Every morning, two Spacious hosts transform a high end restaurant into the nicest coworking space you’ve ever seen. They lay out power strips, flick on the internet, set out the coffee, tea, and water, and open the doors at 8:30 for drop-ins and members.
On my recent visit to the La Sirena in lower Manhattan, the hosts were not only gracious but also beautiful and polished in that way that Manhattanites seemingly always are.
And while some coworking spaces can feel like just a tiny step up from a crowded coffee shop, Spacious at La Sirena had more than enough tables and plug points for the remote workers scattered throughout the space.
The entire vibe was focused, calm, and about as far from a coffee shop as you could get.
This transformation of space from one use case to another mirrors the shift in how we work — and even our definitions of success.
“There’s a different model of success today and it’s all around designing your own work lifestyle and designing your own career, partially because it’s attractive and very empowering but also because traditional employment just isn’t available for the generation that’s coming like it was for the generation that’s retiring,” Preston says. “That kind of job security just doesn’t exist anymore, so people are having to solve that problem for themselves.”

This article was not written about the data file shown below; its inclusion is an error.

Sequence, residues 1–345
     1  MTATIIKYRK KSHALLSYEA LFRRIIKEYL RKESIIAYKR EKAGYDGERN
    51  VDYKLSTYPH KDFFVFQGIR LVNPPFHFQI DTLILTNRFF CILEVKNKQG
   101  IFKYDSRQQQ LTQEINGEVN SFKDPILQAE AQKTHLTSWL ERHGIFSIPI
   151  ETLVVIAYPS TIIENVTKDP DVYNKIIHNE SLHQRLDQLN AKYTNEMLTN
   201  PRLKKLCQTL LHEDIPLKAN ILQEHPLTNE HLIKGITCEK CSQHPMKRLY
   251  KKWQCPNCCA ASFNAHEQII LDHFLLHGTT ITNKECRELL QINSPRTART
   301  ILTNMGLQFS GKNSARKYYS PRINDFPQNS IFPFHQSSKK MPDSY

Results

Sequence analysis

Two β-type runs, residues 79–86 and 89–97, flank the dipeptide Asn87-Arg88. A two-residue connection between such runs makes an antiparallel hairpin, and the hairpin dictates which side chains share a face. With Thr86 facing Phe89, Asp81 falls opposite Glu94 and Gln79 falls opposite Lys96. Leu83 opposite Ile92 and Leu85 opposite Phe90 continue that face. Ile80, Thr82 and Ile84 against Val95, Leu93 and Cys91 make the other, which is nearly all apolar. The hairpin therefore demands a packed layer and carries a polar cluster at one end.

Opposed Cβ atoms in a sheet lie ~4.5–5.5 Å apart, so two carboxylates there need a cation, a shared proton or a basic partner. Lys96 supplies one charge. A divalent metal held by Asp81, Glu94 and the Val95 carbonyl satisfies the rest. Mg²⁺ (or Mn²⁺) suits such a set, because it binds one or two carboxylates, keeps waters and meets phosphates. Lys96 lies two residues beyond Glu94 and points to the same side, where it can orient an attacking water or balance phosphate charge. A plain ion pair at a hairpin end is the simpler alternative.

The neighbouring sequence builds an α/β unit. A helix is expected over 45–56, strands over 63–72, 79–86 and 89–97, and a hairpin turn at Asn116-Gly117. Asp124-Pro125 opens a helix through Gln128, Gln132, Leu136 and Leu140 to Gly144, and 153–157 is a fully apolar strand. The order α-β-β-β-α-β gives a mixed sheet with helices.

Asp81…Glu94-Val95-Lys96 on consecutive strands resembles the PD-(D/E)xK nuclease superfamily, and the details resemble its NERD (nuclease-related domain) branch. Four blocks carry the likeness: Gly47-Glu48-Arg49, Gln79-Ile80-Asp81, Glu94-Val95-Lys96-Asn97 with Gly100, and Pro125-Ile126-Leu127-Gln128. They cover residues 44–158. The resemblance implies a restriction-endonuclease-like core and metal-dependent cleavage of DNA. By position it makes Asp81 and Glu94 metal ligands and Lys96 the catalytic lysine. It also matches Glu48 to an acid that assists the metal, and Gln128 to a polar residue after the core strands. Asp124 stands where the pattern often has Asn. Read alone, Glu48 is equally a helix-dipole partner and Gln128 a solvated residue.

“Brilliant” isn’t a word I use often when writing about startups — I’ve been in the game too long to not be a bit jaded. But Spacious’ model is brilliant.
Not only does it utilize underused spaces and provide some relief for coffee shops, but it’s also almost infinitely scaleable — every city in the world has restaurants that are closed during the day.
And every city has remote workers, a group whose numbers will only grow, if current trends in the changing workforce continue the way they have.
Finally, unlike other space-sharing economy companies like Airbnb and Uber, which face lawsuits in almost every new territory, coworking is actually a lower risk than the activities (like drinking, potential food poisoning, potential injuries from hot food or stove tops) that usually take place in restaurants.
Preston projects that they won’t face any legal barriers as they expand beyond cities, into suburbs, and eventually throughout the world.
This is the future of work — and the future of coworking.
Maybe we’ll even get our coffee shops back.
Emma McGowan is a full time blogger and digital nomad has been writing about startups, living with startup people, and basically breathing startups for the past five years. Emma is a regular contributor to Bustle, Startups.com, KillerStartups, and MiKandi. Her byline can also be found on Mashable, The Daily Dot's The Kernel, Mic, The Bold Italic, as well as a number of startup blogs.
Follow her on Twitter @MissEmmaMcG.